# Positive Solutions of Singular Initial-Boundary Value Problems to Second-Order Functional Differential Equations

- Fengfei Jin
^{1}and - Baoqiang Yan
^{1}Email author

**2008**:457028

**DOI: **10.1155/2008/457028

© F. Jin and B. Yan. 2008

**Received: **23 August 2007

**Accepted: **5 August 2008

**Published: **26 August 2008

## Abstract

Positive solutions to the singular initial-boundary value problems are obtained by applying the Schauder fixed-point theorem, where on and may be singular at and . As an application, an example is given to demonstrate our result.

## 1. Introduction

where and the existence of positive solutions to (1.1) is obtained. When in (1.1), Agarwal and O'Regan in [5], Lin and Xu in [6] discussed the existence of positive solutions to (1.1) also. We notice that the nonlinearities in all the above-mentioned references depend on .

The more difficult case is that the term depends on for second-order functional differential equations with delay. When has no singularity at and , there are many results on the following (1.2) (see [7–9] and references therein). Up to now, to our knowledge, there are fewer results on (1.2) when the term is allowed to possess singularity for the term at and , which is of more actual significance.

where . By Leray-Schauder fixed-point theorem, the existence of positive solutions to (1.2) is obtained when is singular at and .

For and , let and . Then, and are Banach spaces. Let and . Obviously, and are cones in and respectively. Now, we give a new definition.

Deffinition.

is said to be singular at for when satisfies for and is said to be singular at for when satisfies for .

And one defines some functions which one has to use in this paper.

where is a Green's function. It is clear that for and on

We now introduce the definition of a solution to IBVP(1.2).

Deffinition.

A function is said to be a solution to IBVP(1.2) if it satisfies the following conditions:

(1) is continuous and nonnegative on ;

(2) ;

(3) and exist on ;

(4) is Lebesgue integrable on ;

(5) for .

Furthermore, a solution is said to be positive if on .

for all solutions, , to IBVP(1.2), where . For , let on throughout this paper. Obviously, and for all .

Throughout this paper, we assume the following hypotheses hold.

(H_{1})
is continuous on
.

_{2}) There exists , such that

Lemma 1.3.

*Assume that (H*

_{ 1 }

*)-(H*

_{ 2 }

*) hold, then there exists a*

*, such that*

for all solutions, , to (1.2).

Proof.

which contradicts the assumption that and hence the claim is true provided is suitably small.

Remark 1.4.

holds provided that is sufficiently small, where is in Lemma 1.3.

Lemma 1.5 (see [7]).

Let
be the Banach space and let *X* be any nonempty, convex, closed, and bounded subset of
. If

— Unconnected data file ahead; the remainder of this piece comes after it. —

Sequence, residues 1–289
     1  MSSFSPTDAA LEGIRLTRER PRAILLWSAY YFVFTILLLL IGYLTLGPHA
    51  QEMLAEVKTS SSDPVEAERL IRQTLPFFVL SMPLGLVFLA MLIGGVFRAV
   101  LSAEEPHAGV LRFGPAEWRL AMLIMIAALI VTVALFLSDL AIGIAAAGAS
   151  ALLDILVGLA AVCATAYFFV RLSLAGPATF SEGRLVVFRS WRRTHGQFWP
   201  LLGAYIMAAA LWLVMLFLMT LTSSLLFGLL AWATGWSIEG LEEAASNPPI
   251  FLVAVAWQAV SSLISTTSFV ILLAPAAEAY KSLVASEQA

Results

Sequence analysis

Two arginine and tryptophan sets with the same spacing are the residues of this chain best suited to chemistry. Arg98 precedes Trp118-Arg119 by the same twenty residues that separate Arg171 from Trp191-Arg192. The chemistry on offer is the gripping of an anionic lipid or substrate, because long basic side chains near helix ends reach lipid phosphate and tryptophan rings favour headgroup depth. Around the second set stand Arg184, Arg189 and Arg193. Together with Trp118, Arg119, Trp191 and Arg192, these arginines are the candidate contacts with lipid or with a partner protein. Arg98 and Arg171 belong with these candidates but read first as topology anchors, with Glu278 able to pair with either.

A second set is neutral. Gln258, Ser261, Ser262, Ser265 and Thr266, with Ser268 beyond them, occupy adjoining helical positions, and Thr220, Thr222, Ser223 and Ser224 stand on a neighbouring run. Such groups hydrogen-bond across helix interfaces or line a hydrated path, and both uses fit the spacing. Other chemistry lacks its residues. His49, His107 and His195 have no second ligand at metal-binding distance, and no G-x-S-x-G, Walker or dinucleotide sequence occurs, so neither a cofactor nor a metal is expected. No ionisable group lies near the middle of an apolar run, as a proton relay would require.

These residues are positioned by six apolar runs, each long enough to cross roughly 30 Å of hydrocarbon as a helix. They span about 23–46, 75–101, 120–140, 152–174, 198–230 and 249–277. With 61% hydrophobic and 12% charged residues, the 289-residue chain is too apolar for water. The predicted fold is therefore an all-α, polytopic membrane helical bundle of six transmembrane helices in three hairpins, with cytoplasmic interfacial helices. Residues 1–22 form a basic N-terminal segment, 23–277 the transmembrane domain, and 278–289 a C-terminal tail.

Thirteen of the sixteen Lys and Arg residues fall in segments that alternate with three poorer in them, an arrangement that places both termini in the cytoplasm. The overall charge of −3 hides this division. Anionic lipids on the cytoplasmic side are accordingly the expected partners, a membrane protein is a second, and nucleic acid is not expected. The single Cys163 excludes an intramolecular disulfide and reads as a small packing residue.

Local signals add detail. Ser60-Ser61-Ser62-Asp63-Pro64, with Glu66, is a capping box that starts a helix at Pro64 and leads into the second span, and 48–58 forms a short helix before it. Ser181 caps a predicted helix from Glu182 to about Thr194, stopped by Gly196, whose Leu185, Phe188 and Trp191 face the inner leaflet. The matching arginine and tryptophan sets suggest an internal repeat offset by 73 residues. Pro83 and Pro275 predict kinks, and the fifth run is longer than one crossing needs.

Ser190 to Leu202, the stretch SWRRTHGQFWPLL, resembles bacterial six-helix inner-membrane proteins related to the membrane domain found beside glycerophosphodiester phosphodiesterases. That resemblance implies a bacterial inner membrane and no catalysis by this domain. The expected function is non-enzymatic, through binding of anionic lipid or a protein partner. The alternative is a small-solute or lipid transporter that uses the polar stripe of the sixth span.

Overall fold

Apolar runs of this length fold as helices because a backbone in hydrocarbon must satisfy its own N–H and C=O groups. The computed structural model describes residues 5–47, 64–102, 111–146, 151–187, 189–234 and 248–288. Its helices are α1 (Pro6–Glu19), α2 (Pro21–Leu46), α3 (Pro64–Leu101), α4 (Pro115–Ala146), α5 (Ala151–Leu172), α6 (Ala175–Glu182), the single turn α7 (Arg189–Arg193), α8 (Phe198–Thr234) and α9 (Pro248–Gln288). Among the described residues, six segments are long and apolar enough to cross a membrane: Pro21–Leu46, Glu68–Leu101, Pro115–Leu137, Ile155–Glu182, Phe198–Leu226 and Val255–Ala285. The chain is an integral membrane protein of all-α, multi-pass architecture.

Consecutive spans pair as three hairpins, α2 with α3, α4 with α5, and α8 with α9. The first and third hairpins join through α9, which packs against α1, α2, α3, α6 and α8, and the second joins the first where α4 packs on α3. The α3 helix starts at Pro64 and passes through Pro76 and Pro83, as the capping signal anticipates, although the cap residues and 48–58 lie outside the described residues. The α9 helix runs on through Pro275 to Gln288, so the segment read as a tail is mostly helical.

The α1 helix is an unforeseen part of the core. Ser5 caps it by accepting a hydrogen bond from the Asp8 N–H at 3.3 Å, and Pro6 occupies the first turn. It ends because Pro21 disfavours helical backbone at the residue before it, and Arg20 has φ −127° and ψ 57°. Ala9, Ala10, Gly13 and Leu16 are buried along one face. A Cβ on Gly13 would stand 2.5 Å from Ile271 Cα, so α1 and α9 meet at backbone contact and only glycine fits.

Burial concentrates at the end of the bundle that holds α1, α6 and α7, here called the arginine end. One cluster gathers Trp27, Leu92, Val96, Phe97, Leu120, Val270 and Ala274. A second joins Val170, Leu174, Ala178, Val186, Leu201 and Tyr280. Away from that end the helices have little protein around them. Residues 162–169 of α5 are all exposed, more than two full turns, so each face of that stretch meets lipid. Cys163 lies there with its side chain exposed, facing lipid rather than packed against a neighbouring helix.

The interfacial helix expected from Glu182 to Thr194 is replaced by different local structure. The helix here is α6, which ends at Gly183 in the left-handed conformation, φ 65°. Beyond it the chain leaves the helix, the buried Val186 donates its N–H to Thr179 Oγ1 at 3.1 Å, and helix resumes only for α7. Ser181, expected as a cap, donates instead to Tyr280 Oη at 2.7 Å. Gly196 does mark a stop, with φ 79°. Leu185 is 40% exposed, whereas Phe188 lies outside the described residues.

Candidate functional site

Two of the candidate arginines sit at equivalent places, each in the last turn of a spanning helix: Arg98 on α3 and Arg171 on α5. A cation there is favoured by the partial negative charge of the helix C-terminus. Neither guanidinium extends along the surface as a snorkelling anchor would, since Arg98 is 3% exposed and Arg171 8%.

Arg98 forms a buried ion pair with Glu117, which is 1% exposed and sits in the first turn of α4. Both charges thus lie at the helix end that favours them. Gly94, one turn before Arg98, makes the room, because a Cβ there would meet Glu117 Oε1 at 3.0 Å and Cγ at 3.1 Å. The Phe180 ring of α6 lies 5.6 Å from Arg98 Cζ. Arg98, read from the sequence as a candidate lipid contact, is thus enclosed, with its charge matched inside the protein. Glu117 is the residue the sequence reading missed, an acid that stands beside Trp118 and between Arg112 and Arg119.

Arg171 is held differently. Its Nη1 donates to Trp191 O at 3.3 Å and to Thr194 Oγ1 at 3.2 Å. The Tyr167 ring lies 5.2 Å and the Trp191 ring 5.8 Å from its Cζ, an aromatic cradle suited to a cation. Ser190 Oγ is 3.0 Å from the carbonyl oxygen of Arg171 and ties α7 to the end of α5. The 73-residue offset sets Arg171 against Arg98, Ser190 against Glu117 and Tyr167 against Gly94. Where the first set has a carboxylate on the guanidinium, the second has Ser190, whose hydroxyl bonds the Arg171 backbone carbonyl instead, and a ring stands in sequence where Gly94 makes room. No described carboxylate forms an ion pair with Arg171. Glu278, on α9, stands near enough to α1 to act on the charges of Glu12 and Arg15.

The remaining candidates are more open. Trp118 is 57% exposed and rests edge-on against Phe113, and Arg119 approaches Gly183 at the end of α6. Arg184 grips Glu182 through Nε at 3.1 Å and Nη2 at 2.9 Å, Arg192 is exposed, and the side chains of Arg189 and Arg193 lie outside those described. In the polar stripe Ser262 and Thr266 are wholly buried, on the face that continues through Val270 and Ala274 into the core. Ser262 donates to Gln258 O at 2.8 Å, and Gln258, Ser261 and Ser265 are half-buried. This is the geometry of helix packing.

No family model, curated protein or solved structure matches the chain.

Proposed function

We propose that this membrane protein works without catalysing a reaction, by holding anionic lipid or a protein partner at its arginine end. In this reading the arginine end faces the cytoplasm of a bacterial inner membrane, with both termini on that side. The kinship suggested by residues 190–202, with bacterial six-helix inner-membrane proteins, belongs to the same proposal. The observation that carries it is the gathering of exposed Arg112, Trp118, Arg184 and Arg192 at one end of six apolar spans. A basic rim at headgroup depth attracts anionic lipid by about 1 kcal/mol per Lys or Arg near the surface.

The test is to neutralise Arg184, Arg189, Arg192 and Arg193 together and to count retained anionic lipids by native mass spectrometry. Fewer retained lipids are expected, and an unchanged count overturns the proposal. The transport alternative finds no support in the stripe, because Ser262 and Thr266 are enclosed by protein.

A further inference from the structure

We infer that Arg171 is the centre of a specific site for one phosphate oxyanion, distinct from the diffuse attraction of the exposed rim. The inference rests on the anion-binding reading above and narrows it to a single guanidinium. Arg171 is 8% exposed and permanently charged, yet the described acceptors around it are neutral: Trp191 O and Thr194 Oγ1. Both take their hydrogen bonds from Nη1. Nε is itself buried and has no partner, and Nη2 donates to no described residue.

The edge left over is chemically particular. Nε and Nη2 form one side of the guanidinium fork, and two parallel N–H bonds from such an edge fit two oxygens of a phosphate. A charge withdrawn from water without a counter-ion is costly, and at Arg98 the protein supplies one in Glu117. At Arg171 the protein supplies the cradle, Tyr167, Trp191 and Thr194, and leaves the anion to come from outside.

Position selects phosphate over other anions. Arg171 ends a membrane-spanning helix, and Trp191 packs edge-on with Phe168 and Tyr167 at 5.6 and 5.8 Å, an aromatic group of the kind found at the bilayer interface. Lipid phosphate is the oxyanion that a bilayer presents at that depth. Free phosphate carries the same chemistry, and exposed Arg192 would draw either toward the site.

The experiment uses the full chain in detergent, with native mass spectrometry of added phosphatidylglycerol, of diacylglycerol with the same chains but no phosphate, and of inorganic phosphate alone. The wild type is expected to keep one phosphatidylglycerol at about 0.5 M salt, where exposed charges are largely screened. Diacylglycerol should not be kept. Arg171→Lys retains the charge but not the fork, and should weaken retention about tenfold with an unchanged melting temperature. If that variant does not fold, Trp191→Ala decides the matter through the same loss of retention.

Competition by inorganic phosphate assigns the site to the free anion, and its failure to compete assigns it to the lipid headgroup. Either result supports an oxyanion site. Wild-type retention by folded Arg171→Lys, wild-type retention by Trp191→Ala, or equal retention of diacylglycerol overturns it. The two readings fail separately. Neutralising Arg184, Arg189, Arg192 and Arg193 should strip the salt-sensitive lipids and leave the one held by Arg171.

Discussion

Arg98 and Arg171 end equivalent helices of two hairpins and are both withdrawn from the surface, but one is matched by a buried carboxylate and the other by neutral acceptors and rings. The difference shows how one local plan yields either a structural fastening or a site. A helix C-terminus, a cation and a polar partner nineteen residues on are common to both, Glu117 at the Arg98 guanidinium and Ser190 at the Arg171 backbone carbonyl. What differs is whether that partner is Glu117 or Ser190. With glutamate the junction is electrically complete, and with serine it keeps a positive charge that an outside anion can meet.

is a continuous mapping of
into itself and
is relatively compact, then the mapping
has at least one fixed point (i.e., there exists an
with
) .

Using Lemma 1.5, we present the existence of at least one positive solution to (1.2) when is singular at and (notice the new Definition 1.1). To some extent, our paper complements and generalizes these in [1–6, 8–10].

## 2. Main Results

Theorem 2.1.

*Assume that (H*
_{
1
}
*)–(H*
_{
3
}
*) hold. Then, the IBVP( 1.2 ) has at least one positive solution.*

Proof.

Since , we can choose an such that

It is obvious that satisfies the hypotheses and .

Since on , there are the following three cases.

Case 1.

for all .

which contradicts (2.7).

Case 2.

There exists a such that and .

which contradicts (2.7).

Case 3.

There exists a such that and .

which contradicts (2.7).

To prove the existence of positive solutions to IBVP(2.5), we seek to transform (2.5) into an integral equation via the use of Green's function and then find a positive solution by using Lemma 1.5.

Together with the definition of , we get .

which implies that is integrable on .

where is a constant number.

Since on , the above inequality holds for .

Thus, is a relative compact subset of . That is, is a compact operator.

We are now going to prove that the mapping is continuous on .

that is, the claim is true.

which shows that the mapping is continuous on .

Thus, the solution of IBVP(2.5) is also the one of (1.2). The proof is complete.

## 3. Application

Example 3.1.

where .

## 4. Conclusion

Equation (3.1) has at least one positive solution.

Now, we will check that hold in (3.1).

It is obvious that is nonincreasing and is nondecreasing.

Now, we will prove that there exists such that is decreasing on .

From the continuity of , we can find such that on . Then, on . That is, is decreasing on .

which implies that holds.

So, from Theorem 2.1, IBVP(3.1) has at least one positive solution.

## Declarations

### Acknowledgments

The research was supported by NNSF of China (10571111) and the fund of Shandong Education Committee (J07WH08).

## Authors’ Affiliations

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